Jingle Jangle: A Christmas Journey

Ok, so check it… I am NOT your chick-flick, Hallmark, Lifetime movie-lover. I also HATE Christmas movies (I make exceptions for The Preacher’s Wife with Whitney and This Christmas). And even though I do like a good musical every now and again, I wasn’t aware that Jingle Jangle would have singing and dancing, so I went into the movie with no expectations. I figured it couldn’t be too bad with a stellar cast that included Phylicia Rashad, Forest Whitaker, Anika Noni Rose, and Keegan-Michael Key. Thirty minutes in I was already spellbound.

A Delightful Christmas Dish

Jingle Jangle is the tale of Jeronicus Jangle (Whitaker), a great inventor who loses his zeal for creating when his most amazing invention is stolen by his trusted assistant Gustafson (Key). Jeronicus gives up hope and pushes away the only person he has left, his daughter Jessica (Rose). His crafty granddaughter, Journey (whose very much like him), finagles her way into his life and heart and helps him rediscover the magic of his gift.

The colors, the music, the set designs, the dancing, the characters, but most of all, the story captured my attention from the very beginning. Forest Whitaker delivers a flawless forlorn, ornery old coot who doesn’t want to love anyone or anything. Phylicia Rashad reminds us why she was our favorite mother, though she plays a grandmother in this story. Anika Noni Rose delivers superb vocals, as always. Ricky Martin, Keegan-Michael Key, and Lisa Davina Phillip provide us with the comic relief. Who knew Forest Whitaker and Keegan-Michael Key had nice singing voices? They didn’t even use Auto-Tune!

Black Girl Magic

A Black girl inventor who talks about square roots and derivatives is at the center of breathing life back into Jangles and Things (now they know it should have been Jangles and Thangs), the toy store turned pawn shop owned by her grandfather. Journey, played by newcomer Madalen Mills, gave me my whole life. Journey never felt like she fit in back at home. Jingles and Things and seeing her grandfather’s workshop made her feel a part of something bigger. It was a place where she knew she could shine. Every time another character slighted her by saying she couldn’t do something, she corrected them. She was the quintessential sweet granddaughter, but she would not allow her dreams to be snuffed out by anyone. It was great to see a Black female character that young step into her power. My favorite song of the film is owned by this little wonder.

Representation Matters

I was that nerdy girl who sat in my dark room typing code on my Commodore 64 that had a switch so I could use my television as a computer monitor. I was posted-up for hours, click-clacking away so I could see a text-based car “drive” across the screen. That was when I found my love for coding and video games. No one around me knew how invasive technology would become, and no one else around me was coding. I did get a degree in coding, but I was always the only Black person and the only girl in all of my classes. I walked away from the field. What if this movie existed during that delicate time of me trying to decide if coding could be a reality in my life? How might hearing, “The Square Root of Impossible is Me,” have changed my trajectory? This is why equity in representation is so important, and not just in film and television. IT MATTERS! Our children need more opportunities to see themselves in roles outside of the repeatedly typecast characters to which we have become accustomed. They have to be able to envision themselves flying so that they may soar.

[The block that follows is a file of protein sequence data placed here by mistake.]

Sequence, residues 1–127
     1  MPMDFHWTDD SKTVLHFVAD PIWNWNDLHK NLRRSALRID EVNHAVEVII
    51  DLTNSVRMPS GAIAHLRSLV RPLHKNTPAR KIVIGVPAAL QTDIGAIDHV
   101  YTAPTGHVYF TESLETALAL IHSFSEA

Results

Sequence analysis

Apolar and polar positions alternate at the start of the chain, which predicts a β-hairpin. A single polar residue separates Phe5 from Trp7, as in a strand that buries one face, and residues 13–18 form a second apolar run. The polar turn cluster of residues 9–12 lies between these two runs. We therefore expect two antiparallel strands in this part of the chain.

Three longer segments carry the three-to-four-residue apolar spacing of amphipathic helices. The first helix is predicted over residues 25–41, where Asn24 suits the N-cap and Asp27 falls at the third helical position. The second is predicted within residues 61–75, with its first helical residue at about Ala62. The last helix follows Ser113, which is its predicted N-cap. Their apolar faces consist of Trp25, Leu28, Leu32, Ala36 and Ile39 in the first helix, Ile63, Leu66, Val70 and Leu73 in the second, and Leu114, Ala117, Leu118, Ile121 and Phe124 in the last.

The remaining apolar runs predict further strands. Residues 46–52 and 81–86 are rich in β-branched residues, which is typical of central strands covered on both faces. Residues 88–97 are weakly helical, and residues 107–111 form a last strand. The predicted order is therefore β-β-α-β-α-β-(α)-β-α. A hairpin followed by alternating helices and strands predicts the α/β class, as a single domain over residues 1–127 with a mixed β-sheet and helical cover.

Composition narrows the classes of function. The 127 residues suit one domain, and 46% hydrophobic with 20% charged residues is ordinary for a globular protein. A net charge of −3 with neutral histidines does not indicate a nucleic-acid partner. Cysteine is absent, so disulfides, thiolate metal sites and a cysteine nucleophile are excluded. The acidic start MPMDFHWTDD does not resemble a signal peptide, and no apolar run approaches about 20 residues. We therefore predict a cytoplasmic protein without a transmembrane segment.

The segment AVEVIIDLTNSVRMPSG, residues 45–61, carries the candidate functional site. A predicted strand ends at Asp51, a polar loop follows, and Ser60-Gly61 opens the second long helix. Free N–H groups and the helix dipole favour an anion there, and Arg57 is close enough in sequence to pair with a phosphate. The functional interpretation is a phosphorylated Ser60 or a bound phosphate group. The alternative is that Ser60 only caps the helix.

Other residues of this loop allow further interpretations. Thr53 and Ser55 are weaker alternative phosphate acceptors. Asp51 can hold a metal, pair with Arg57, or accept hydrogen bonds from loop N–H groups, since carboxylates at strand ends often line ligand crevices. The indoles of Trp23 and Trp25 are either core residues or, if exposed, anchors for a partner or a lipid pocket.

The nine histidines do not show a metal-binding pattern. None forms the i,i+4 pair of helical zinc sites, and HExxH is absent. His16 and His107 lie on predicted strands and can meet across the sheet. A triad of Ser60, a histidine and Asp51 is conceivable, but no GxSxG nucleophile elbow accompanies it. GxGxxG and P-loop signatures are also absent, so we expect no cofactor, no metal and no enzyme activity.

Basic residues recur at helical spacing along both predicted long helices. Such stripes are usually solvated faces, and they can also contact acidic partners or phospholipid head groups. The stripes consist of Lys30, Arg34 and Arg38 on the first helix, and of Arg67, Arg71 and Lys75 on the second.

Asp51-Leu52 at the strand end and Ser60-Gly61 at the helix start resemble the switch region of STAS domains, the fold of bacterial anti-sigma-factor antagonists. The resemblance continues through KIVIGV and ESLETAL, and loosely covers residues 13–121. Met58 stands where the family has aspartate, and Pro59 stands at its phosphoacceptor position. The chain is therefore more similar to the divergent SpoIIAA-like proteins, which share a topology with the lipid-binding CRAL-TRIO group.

A Feel Good Film

2020 has been rough, even for those of us who kept our jobs and have been unscathed by the ‘rona so far. This movie was one of the few bright spots of the year. It made me laugh, smile, and cry; I caught ALL the feels. It filled me with joy for little brown girls and boys who will see this movie as magical and fill their small minds with endless possibilities and set their imaginations on fire. I hope that you will make them put down their electronics, pop some popcorn or make their favorite snacks, and sit with them to enjoy this film.

Joining The Ranks

I know many people have Christmas movies they watch every year as a tradition, whether a personal one or with family. My Granny’s all-time favorite was A Diva’s Christmas. It just wasn’t Christmas until she watched that movie and I would grit my teeth and bear it so I could share that time with her. I know she would have loved this movie, and I truly wish we could have seen it together. I have decided Jingle Jangle will be my Christmas movie tradition going forward, and I can’t wait until I have someone special to share it with. I’ve already watched it twice and I know I will watch it again before the holidays are over. I believe this film has earned a spot right up there with those timeless, traditional (read White) classics like It’s A Wonderful Life, A Christmas Carol, Willy Wonka and the Chocolate Factory and Miracle on 34th Street; at least it should be for us, anyway.

Thank you so much to David E. Talbert, the writer and director, for sharing this story with families this year. After the year we’ve had, the election and this movie was just the Christmas cheer I needed.

P.S. If anyone out there can get a Buddy 3000 for the low-low, holla atcho girl.

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